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Differential blood and mucosal immune responses against an HIV-1 vaccine administered via inguinal or deltoid injection.

Yang OO, Ibarrondo FJ, Price C, Hultin LE, Elliott J, Hultin PM, Shih R, Hausner MA, Ng HL, Hoffman J, Jamieson BD, Anton PA - PLoS ONE (2014)

Bottom Line: HIV-1-specific CD8(+) T lymphocytes (CTLs) were observed in 7/12 vaccinees, and blood and gut targeting were distinct.Within blood, both deltoid and inguinal responders had detectable CTL responses by 17-24 days; inguinal responders had early responses (within 10 days) while deltoid responders had later responses (24-180 days) in gut mucosa.Our results demonstrate relative safety of inguinal vaccination and qualitative or quantitative compartmentalization of immune responses between blood and gut mucosa, and highlight the importance of not only evaluating early blood responses to HIV-1 vaccines but also mucosal responses over time.

View Article: PubMed Central - PubMed

Affiliation: Department of Medicine and University of California Los Angeles AIDS Institute, David Geffen School of Medicine at University of California Los Angeles, Los Angeles, California, United States of America ; Department of Microbiology, Immunology, and Molecular Genetics, David Geffen School of Medicine at University of California Los Angeles, Los Angeles, California, United States of America ; AIDS Healthcare Foundation, Los Angeles, California, United States of America.

ABSTRACT

Unlabelled: Mucosal immunity is central to sexual transmission and overall pathogenesis of HIV-1 infection, but the ability of vaccines to induce immune responses in mucosal tissue compartments is poorly defined. Because macaque vaccine studies suggest that inguinal (versus limb) vaccination may better target sexually-exposed mucosa, we performed a randomized, double-blinded, placebo-controlled Phase I trial in HIV-1-uninfected volunteers, using the recombinant Canarypox (CP) vaccine vCP205 delivered by different routes. 12 persons received vaccine and 6 received placebo, divided evenly between deltoid-intramuscular (deltoid-IM) or inguinal-subcutaneous (inguinal-SC) injection routes. The most significant safety events were injection site reactions (Grade 3) in one inguinal vaccinee. CP-specific antibodies were detected in the blood of all 12 vaccinees by Day 24, while HIV-1-specific antibodies were observed in the blood and gut mucosa of 1/9 and 4/9 evaluated vaccinees respectively, with gut antibodies appearing earlier in inguinal vaccinees (24-180 versus 180-365 days). HIV-1-specific CD8(+) T lymphocytes (CTLs) were observed in 7/12 vaccinees, and blood and gut targeting were distinct. Within blood, both deltoid and inguinal responders had detectable CTL responses by 17-24 days; inguinal responders had early responses (within 10 days) while deltoid responders had later responses (24-180 days) in gut mucosa. Our results demonstrate relative safety of inguinal vaccination and qualitative or quantitative compartmentalization of immune responses between blood and gut mucosa, and highlight the importance of not only evaluating early blood responses to HIV-1 vaccines but also mucosal responses over time.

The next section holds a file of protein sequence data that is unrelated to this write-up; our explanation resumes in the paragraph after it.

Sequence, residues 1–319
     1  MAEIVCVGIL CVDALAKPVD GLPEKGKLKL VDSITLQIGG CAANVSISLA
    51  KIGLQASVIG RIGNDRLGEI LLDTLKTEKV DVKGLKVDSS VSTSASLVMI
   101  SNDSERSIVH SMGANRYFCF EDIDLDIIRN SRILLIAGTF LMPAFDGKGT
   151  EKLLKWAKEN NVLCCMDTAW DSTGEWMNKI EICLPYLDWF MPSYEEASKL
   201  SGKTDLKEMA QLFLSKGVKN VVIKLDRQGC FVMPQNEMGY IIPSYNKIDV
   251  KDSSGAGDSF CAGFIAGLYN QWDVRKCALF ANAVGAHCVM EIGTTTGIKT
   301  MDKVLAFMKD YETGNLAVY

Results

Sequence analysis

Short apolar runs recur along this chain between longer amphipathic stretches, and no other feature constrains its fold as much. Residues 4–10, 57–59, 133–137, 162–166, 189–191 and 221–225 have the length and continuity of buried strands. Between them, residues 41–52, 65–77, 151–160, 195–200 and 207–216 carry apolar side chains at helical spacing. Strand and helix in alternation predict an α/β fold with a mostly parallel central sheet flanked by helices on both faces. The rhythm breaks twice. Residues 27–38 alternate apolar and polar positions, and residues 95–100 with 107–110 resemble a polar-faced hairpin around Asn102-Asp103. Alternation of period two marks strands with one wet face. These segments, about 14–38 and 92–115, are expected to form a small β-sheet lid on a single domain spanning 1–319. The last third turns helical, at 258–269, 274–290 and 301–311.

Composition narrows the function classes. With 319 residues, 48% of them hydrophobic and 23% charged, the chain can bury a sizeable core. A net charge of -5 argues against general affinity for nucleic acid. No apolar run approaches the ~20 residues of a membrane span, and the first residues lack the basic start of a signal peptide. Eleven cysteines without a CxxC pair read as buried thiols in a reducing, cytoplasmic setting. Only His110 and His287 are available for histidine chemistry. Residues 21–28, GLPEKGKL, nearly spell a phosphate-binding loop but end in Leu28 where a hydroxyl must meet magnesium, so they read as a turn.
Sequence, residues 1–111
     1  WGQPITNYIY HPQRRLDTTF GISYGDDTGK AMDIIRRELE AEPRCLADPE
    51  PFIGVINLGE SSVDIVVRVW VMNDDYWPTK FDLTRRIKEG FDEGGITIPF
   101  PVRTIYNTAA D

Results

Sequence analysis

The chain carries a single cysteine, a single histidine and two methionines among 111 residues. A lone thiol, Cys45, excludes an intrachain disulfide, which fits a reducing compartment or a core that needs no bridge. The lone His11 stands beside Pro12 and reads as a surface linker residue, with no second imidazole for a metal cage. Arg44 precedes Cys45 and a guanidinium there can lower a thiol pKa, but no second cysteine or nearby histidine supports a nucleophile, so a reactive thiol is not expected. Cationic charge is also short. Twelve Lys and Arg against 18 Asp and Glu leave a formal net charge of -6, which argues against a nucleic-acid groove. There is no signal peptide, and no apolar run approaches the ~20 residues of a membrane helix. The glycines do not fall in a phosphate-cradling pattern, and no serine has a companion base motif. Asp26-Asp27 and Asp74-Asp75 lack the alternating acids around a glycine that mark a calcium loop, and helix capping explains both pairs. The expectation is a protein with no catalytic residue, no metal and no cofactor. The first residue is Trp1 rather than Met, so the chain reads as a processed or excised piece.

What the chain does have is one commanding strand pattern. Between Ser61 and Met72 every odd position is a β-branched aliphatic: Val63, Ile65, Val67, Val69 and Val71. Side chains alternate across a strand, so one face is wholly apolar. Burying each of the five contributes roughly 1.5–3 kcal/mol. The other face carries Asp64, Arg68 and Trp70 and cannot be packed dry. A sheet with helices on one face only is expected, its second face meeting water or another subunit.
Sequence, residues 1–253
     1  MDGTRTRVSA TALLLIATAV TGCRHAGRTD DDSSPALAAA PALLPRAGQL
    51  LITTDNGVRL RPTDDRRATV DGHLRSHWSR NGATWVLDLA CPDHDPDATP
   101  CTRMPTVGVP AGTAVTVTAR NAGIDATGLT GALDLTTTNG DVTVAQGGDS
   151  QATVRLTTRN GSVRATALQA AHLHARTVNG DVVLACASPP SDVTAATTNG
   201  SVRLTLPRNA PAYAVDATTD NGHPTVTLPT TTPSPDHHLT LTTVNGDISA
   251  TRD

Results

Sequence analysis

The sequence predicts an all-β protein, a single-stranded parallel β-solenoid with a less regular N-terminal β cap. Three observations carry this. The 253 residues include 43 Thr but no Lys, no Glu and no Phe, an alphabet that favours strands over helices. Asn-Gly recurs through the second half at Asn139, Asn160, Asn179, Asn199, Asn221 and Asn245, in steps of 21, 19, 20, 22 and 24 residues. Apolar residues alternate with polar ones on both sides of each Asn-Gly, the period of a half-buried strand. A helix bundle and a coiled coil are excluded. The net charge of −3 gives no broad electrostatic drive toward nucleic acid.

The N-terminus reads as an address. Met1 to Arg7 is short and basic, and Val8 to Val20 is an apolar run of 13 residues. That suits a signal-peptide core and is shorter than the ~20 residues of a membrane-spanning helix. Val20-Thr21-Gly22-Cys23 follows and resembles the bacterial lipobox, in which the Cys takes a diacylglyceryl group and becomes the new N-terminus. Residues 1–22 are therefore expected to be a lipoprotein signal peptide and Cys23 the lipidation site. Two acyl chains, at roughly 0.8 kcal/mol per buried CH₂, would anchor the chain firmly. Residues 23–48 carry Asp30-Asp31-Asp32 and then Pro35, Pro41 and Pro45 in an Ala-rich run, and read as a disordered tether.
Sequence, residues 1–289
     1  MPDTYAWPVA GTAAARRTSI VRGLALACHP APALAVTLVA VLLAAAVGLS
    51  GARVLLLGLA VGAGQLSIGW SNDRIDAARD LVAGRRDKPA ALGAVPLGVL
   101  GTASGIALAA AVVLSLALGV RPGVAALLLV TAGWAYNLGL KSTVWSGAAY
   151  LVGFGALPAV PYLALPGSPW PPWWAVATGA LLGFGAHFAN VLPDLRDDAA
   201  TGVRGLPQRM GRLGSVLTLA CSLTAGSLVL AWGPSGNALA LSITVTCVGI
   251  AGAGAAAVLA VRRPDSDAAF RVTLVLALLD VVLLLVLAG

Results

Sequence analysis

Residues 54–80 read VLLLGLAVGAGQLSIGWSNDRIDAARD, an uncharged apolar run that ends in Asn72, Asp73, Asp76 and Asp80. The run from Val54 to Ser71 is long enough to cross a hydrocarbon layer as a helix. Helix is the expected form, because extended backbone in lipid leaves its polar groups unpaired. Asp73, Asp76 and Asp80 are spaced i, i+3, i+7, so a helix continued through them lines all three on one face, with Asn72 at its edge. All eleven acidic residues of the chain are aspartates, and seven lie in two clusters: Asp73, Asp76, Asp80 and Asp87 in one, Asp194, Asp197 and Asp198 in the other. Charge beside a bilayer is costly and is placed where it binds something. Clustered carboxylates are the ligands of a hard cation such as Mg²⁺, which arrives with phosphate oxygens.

Trial registration: ClinicalTrials.gov NCT00076817.

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Related in: MedlinePlus